Pre-surgery beta blockers, risk of death examined in noncardiac surgery
The controversial practice of administering pre-surgery beta-blockers to patients having noncardiac surgery was associated with an increased risk of death in patients with no cardiac risk factors but it was beneficial for patients with three to four risk factors, according to a report published online by JAMA Surgery.
Pre-surgery β-blockade is a widely accepted practice in patients having cardiac surgery. But its use in patients at low risk of heart-related events having noncardiac surgery is controversial because of the increased risk of stroke and hypotension (low blood pressure).
Because of the persistent controversy, researcher Mark L. Friedell, M.D., of the University of Missouri-Kansas City School of Medicine, and co-authors analyzed data from the Veterans Health Administration to examine the effect of perioperative β-blockade on patients having noncardiac surgery by measuring 30-day surgical mortality.
The analysis included 326,489 patients: 314,114 (96.2 percent) had noncardiac surgery and 12,375 (3.8 percent) had cardiac surgery. Overall, 141,185 patients (43.2 percent) received a β-blocker. Of the patients having cardiac surgery, 8,571 (69.3 percent) received a β-blocker and 132,614 (42.2 percent) of the patients having noncardiac surgery got one.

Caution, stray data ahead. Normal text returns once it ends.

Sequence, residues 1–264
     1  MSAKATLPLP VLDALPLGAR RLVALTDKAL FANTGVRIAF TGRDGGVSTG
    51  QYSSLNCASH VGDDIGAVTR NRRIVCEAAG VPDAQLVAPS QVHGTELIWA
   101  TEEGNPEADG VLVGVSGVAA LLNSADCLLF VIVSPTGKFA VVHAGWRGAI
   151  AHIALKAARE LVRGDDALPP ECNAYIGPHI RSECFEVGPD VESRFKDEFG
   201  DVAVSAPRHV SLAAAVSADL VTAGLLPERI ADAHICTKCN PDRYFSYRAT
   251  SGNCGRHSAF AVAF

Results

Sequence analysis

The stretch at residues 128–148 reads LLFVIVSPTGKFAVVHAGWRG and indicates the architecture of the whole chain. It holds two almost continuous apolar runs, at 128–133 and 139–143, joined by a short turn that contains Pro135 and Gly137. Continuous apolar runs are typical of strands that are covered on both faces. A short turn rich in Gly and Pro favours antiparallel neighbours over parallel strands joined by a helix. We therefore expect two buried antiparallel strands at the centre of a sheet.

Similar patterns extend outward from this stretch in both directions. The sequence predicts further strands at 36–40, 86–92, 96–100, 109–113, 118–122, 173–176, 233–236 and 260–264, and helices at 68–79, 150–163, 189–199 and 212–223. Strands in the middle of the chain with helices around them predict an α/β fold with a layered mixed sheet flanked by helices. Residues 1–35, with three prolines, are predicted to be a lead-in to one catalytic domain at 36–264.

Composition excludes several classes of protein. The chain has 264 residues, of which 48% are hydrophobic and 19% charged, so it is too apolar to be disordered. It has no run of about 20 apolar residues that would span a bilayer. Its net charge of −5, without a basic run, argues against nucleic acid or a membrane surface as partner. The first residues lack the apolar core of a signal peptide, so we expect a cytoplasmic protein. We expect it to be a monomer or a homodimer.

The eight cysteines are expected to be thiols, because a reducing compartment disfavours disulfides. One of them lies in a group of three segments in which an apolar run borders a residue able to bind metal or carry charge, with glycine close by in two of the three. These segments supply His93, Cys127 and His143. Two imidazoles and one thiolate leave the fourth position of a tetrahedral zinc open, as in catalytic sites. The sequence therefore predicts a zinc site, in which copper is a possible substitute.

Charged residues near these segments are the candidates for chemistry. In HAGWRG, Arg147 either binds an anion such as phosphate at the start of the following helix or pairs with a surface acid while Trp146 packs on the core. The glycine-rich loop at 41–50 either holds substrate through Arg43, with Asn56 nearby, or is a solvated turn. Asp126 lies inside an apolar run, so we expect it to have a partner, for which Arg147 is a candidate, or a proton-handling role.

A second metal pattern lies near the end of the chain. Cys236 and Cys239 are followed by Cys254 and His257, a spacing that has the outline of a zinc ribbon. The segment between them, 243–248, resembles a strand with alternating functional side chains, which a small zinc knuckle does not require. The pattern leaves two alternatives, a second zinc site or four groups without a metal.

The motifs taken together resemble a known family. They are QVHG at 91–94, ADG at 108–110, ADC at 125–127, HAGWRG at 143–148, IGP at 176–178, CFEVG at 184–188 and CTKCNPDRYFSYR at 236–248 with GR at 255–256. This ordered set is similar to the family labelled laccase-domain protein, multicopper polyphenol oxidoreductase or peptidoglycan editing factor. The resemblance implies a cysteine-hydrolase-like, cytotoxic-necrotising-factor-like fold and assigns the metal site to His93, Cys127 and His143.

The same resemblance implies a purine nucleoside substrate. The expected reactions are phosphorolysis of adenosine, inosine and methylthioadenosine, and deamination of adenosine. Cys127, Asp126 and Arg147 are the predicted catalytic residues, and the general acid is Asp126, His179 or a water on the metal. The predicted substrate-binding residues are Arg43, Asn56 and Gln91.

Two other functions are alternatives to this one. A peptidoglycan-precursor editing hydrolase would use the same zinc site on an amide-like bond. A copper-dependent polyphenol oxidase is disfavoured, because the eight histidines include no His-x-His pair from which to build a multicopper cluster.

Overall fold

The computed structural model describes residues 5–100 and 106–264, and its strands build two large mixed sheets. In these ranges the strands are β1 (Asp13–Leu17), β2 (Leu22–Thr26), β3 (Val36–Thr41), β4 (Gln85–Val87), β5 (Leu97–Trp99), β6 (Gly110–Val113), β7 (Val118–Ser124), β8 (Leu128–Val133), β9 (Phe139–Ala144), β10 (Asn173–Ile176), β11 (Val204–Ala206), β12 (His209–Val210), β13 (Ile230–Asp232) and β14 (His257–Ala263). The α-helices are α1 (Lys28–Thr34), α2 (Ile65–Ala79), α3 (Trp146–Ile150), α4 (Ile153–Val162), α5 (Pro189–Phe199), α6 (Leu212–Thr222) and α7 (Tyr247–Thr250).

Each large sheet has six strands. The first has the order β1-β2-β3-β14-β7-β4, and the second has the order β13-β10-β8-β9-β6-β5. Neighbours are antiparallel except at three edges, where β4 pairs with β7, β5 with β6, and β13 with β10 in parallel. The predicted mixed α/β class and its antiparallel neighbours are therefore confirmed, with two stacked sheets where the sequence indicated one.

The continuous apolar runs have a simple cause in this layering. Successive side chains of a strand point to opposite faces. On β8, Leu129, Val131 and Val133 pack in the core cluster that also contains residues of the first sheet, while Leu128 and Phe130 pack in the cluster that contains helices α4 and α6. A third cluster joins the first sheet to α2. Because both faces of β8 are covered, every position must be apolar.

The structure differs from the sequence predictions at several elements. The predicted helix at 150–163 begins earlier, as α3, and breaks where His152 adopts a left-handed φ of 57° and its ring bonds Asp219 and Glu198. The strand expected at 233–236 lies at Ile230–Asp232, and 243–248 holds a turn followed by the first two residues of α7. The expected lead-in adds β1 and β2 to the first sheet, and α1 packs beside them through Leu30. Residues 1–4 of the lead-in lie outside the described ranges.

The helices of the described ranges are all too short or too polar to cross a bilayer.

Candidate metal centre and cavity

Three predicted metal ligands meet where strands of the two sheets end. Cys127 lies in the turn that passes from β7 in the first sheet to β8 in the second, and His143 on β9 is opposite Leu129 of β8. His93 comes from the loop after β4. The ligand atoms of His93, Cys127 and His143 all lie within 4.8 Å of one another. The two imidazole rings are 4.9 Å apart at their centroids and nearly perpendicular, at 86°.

The unadjusted 30-day mortality rates among patients having noncardiac surgery for those not receiving β-blockers were 0.5 percent for patients with no cardiac risk factors, 1.4 percent for patients with one to two risk factors and 6.7 percent for patients with three to four risk factors. For those patients having noncardiac surgery who did receive β-blockers, the unadjusted 30-day mortality rates for patients with no cardiac risk factors, one to two risk factors and three to four risk factors were 1 percent, 1.7 percent and 3.5 percent, respectively, according to the results.
The results suggest that among patients with no cardiac risk factors having noncardiac surgery, those patients receiving β-blockers were 1.2 times more likely to die than those not receiving β-blockers. The risk of death decreased for those patients with one to two risk factors but the reduction was not significant. However, for patients having noncardiac surgery with three to four cardiac risk factors, those receiving β-blockers were significantly less likely to die than those not receiving β-blockers, the authors found. The authors did not observe similar results in patients having cardiac surgery.
"β-blockade is beneficial perioperatively for patients with three to four cardiac risk factors undergoing NCS [noncardiac surgery] but not in patients with one to two cardiac risk factors. Most important, the use of β-blockers in patients with no cardiac risk factors appears to be associated with a higher risk of death, which has, to our knowledge, not been previously reported," the study concludes.